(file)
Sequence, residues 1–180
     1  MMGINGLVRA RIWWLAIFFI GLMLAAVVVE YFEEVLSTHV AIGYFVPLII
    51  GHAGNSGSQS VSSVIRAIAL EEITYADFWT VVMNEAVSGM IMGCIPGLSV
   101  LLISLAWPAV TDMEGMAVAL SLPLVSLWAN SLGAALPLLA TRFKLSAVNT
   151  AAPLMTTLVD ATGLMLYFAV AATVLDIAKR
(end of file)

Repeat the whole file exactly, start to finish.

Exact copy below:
Sequence, residues 1–180
     1  MMGINGLVRA RIWWLAIFFI GLMLAAVVVE YFEEVLSTHV AIGYFVPLII
    51  GHAGNSGSQS VSSVIRAIAL EEITYADFWT VVMNEAVSGM IMGCIPGLSV
   101  LLISLAWPAV TDMEGMAVAL SLPLVSLWAN SLGAALPLLA TRFKLSAVNT
   151  AAPLMTTLVD ATGLMLYFAV AATVLDIAKR